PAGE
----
04-20-2011, 10:03 PM   #133
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outsider.... nice. Where did you find so many beautiful people to shoot?
I like this the most:
4 16 11 105 by Atiim D. Jones Photography, on Flickr

Lee
04-20-2011, 10:39 PM   #134
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QuoteOriginally posted by LFLee Quote
outsider.... nice. Where did you find so many beautiful people to shoot?
I like this the most:
4 16 11 105 by Atiim D. Jones Photography, on Flickr

Lee
Just walking around Omaha, Nebraska, downtown. You'd be surprised how many beautiful people there are we overlook, walking the streets everyday. However, much credit must go to the camera/lens. It's a k5 with sigma 85 1.4. They say there are no great photographers, just great photographs, but it should go something like there are great cameras, lenses that take great photographs. The girl that looks like a model was just a normal, young girl walking with her friend. I intended to take just 3 or 4 shots, but she seemed to rather enjoy it, so I kept shooting. The great sensor of the k5 really brings out the lifelike feel to any picture you take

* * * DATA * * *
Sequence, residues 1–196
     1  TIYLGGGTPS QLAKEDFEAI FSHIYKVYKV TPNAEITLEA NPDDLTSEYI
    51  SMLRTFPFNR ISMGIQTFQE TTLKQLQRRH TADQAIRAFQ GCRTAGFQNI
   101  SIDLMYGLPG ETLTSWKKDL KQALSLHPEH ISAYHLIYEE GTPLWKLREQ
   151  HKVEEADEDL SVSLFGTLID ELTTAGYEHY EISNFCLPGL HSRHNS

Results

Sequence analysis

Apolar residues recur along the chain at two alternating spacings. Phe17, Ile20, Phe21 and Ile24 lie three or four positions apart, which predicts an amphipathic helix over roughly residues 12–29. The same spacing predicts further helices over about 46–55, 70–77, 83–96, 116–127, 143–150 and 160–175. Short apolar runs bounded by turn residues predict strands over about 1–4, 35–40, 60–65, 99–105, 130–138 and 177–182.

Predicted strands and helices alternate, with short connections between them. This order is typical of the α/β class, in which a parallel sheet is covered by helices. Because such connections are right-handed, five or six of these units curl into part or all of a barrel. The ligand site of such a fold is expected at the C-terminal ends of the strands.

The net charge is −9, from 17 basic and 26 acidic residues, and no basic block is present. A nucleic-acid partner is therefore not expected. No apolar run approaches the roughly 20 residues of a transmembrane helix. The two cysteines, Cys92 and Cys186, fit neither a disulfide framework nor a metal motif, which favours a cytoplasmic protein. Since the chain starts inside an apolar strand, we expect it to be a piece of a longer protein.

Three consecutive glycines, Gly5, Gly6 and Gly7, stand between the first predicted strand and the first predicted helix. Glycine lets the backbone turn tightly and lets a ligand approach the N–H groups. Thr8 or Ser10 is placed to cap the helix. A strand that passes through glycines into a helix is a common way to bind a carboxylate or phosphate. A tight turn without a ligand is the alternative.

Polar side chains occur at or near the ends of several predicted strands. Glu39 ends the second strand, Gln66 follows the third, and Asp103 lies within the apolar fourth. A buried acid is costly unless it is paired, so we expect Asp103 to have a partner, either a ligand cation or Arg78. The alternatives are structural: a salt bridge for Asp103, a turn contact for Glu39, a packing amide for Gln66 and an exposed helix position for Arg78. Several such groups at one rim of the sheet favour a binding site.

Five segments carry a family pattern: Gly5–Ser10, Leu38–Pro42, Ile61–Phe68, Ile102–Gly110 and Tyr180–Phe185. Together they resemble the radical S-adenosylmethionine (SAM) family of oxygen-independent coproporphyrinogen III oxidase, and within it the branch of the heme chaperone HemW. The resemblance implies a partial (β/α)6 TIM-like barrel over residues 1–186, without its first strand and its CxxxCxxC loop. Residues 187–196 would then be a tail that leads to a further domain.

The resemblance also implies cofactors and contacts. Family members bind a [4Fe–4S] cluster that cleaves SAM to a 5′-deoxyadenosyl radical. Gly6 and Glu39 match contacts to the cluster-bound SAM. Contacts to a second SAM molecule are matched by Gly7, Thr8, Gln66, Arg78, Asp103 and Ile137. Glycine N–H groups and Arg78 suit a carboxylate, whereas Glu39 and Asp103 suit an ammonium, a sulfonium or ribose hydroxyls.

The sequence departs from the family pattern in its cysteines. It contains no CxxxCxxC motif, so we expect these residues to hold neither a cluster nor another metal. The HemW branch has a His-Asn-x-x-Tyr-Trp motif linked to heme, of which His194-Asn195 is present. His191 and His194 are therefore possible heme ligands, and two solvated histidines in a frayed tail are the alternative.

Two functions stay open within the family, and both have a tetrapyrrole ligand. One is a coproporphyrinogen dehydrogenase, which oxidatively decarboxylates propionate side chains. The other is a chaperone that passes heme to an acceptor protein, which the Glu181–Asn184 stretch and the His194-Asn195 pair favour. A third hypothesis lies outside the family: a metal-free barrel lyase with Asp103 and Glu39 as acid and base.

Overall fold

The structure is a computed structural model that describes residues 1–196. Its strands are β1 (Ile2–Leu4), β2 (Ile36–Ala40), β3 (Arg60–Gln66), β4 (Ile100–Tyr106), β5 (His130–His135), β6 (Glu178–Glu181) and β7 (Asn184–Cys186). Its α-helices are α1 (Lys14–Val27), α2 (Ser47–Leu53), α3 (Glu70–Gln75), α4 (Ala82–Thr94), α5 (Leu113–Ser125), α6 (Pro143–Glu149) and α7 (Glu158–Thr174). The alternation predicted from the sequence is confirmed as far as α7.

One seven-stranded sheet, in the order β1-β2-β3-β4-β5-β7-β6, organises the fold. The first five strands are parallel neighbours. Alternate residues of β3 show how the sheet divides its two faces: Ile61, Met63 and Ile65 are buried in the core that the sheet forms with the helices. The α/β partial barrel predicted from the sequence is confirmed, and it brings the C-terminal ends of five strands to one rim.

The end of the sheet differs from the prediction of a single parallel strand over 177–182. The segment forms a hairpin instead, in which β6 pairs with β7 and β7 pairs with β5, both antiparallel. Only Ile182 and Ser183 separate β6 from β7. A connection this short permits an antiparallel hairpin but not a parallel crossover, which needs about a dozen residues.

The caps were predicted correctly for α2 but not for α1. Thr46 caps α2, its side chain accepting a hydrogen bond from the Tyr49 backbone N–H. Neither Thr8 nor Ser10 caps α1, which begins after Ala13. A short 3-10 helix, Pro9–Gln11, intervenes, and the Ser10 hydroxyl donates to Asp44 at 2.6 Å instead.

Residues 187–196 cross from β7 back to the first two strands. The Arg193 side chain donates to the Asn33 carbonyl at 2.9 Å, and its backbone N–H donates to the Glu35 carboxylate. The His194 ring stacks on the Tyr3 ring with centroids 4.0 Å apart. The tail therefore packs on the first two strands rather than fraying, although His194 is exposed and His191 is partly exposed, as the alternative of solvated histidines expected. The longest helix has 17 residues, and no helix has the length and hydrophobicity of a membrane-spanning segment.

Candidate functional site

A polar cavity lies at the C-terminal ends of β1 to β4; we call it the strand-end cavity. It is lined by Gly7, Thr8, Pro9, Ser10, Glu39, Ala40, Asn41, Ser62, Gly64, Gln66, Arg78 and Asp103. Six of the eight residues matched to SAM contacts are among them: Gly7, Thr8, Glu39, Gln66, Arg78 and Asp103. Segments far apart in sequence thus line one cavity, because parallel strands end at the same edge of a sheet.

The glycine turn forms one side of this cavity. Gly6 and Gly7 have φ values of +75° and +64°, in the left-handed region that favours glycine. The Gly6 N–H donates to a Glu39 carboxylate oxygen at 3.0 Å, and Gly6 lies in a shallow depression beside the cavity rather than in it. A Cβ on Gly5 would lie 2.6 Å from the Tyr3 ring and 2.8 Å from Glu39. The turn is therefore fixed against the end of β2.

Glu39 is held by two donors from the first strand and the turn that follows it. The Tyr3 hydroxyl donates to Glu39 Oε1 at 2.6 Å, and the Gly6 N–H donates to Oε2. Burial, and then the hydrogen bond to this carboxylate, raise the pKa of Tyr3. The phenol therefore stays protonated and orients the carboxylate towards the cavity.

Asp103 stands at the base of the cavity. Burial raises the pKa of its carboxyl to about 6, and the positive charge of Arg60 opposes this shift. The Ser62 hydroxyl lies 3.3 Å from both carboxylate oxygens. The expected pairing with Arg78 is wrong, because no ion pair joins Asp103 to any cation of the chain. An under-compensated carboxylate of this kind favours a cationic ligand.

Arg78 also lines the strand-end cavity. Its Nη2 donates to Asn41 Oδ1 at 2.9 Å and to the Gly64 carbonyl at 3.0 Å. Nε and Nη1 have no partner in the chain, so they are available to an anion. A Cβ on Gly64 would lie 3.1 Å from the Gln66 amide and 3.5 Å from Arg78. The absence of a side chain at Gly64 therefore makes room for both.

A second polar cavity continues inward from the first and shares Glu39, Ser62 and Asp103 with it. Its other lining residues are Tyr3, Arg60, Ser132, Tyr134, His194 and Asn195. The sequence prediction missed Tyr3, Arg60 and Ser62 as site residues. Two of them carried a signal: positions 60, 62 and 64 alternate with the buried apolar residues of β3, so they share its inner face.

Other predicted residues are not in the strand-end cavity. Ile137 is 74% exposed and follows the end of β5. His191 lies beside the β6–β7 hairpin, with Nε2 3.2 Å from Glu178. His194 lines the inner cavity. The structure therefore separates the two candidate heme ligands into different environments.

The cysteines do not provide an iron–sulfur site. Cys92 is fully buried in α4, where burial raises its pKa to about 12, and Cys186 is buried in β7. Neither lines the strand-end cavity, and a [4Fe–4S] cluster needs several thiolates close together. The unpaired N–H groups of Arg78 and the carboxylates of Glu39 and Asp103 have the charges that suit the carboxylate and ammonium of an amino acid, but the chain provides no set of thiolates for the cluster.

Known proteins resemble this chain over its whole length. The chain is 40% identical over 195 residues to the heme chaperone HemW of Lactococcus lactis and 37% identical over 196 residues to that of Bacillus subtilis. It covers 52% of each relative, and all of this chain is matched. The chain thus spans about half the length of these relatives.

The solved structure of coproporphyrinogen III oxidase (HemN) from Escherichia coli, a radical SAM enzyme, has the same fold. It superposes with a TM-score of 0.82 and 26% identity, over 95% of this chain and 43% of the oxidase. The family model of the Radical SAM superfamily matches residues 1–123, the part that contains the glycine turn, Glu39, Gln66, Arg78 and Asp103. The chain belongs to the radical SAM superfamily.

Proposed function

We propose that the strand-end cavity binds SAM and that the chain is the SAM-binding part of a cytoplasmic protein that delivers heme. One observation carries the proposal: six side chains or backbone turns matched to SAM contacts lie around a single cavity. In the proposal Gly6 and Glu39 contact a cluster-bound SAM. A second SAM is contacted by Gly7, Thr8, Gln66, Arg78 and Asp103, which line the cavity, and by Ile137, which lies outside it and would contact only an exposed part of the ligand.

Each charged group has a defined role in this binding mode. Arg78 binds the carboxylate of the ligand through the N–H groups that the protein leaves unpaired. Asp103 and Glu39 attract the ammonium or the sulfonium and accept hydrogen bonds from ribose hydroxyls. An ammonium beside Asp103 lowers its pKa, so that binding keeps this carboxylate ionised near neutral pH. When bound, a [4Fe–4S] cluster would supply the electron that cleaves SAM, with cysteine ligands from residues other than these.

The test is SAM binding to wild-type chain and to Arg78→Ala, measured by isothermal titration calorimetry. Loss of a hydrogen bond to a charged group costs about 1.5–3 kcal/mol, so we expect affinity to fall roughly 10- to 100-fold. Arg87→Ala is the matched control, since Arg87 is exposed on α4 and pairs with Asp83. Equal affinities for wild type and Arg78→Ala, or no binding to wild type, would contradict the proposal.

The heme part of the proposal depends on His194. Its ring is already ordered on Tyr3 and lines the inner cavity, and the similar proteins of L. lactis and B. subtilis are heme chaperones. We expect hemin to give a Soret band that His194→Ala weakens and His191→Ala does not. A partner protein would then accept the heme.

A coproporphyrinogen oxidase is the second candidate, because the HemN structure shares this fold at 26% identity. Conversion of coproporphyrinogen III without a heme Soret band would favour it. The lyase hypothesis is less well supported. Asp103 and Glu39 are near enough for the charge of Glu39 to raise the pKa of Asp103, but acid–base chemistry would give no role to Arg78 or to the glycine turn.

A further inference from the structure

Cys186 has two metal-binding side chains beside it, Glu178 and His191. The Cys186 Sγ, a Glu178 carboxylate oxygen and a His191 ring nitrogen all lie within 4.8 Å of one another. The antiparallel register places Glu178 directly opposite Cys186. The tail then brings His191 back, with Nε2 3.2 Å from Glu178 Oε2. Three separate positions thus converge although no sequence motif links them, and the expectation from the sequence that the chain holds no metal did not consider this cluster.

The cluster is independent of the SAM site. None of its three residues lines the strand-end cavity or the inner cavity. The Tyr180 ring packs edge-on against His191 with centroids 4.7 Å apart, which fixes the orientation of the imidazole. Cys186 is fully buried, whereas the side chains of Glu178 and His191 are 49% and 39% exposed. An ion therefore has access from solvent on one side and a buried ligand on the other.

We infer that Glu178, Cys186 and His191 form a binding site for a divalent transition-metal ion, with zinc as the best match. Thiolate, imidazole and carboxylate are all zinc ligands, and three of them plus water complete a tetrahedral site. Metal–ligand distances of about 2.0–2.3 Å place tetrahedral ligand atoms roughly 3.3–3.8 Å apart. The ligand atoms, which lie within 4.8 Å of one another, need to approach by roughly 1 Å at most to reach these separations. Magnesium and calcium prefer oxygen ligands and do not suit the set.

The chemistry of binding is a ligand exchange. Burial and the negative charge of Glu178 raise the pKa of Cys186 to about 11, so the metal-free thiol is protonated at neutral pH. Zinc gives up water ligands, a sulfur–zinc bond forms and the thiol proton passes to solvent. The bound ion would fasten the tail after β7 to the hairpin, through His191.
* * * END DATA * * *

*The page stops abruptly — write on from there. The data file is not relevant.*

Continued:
04-20-2011, 10:55 PM   #135
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QuoteOriginally posted by LFLee Quote
outsider.... nice. Where did you find so many beautiful people to shoot?
I like this the most:
4 16 11 105 by Atiim D. Jones Photography, on Flickr

Lee
Every week, I walk the streets taking pictures of random people. I ask to take their portrait and the approval rate is surprisingly high, but I think it depends on how you approach them. It's a lot of fun because of the variety of faces and expressions and the lighting conditions. My favorite scenario is taking a picture beneath a tree in clear, sunlit sky. You get an interesting pattern on the face that evokes a different emotion each time. Overcast is always a winner too. You don't have to worry about purple fringing and I still have enough shutter speed to get sharp photos and color/emotion of the portrait is more somber/serene.